Tracy's blog

I’m Tracy Au and I have graduated from the Professional Writing program from university. I am an aspiring screenwriter, so this blog is used to promote my writing and attract people who will hire me to write for your TV show or movie. I write a lot about writing, TV, movies, jokes, and my daily life and opinions. I have another blog promoting my TV project at

Monday, July 13, 2015

"What Steve Jobs learned, and why it matters"/ "centre stage at work"

May 30 "What Steve Jobs learned, and why it matters": I cut out this article by Harvey Schachter in the Globe and Mail on Nov. 21, 2011.  It's a fast and easy read:

Cliff Kuang, editor of Co.Design, has been reading Walter Isaacson’s recent biography Steve Jobs, and has delineated six pillars that were at the centre of the Apple CEO’s design philosophy. On, Mr. Kuang says these design lessons Mr. Jobs learned early in his career imbued every product he created:

Craft, above all

Under Mr. Jobs, Apple’s concern for the details to make a product look great went beyond the necessary to what seemed almost gratuitous. He wanted his circuit boards in the innards of his first McIntosh to be beautiful, even if they would be unseen by the general public. The “Sunflower” MacIntosh, for example, had an exquisite laser-etched Apple logo. “As an owner, you might see that logo only once a year, when moving the computer. But it mattered, because that single time made an impression,” Mr. Kuang writes.


The “Apple Marketing Philosophy” memo, written by Mike Markkula, one of the first investors in the company and the third CEO of Apple Computer, caught Mr. Jobs’s attention with several key points. One was the call for an intimate connection with the feelings of the customer. “We will truly understand their needs better than any other company,” Mr. Markkula declared.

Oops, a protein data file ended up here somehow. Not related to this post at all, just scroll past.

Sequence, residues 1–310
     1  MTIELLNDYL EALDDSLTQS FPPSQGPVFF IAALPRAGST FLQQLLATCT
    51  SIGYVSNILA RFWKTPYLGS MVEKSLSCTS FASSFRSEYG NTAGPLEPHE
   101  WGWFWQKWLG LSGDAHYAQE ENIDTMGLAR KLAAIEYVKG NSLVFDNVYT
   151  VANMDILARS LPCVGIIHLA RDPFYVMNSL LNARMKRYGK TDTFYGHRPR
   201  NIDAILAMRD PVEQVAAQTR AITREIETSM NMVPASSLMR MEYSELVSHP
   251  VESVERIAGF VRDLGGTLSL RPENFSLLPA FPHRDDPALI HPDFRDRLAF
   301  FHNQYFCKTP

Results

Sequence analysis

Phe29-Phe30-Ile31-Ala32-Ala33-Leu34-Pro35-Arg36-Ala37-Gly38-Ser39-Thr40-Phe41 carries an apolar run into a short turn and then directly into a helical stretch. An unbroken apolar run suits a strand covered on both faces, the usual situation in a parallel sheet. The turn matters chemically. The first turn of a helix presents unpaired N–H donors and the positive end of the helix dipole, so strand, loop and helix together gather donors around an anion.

Mr. Kuang notes that the company was talking about consumer empathy before it even had consumers, when computers were being bought by hobbyists prepared to put up with frustrations. “The idea of understanding a consumer's needs before they actually needed what Apple was making has remained a hallmark of the company throughout its history. The idea of empathizing with a consumer before a market was even developed set Apple on the path of perpetually looking forward to find how people would behave,” he observes.


To do a good job at what Apple decided to do, Mr. Markkula noted, “we must eliminate all the unimportant opportunities,” something Mr. Jobs was zealous about.


People form an opinion about a company or product based on the signals that it conveys, Mr. Markkula noted, well before today’s branding experts made that notion more widely known. “People do judge a book by its cover,” he told Mr. Jobs, who was excited by the insight. “We may have the best product, the highest quality, the most useful software ... if we present them in a slipshod manner, they will be perceived as slipshod; it we present them in a creative, professional manner, we will impute the desired qualities,” Mr. Markkula predicted.


A major conceptual leap by Mr. Jobs was to recognize that high-tech devices didn’t have to be foreboding – they could be friendly. It dates back to the smiling Mac icon and has continued as the design strategy appealed to consumers overwhelmed by the capabilities and complexities of the computer.

Find simplicity

For his computers to be simple, Mr. Jobs realized they had to be based on things that people already understood. So the Macintosh set out a desktop metaphor for its new graphical interface, which people could readily understand. Similarly, the physical gestures that control the iPhone and iPad are familiar from the real world.

"8 ways to take centre stage at work":  I cut out this article by Dianne Nice in the Globe and Mail on Nov. 21, 2011: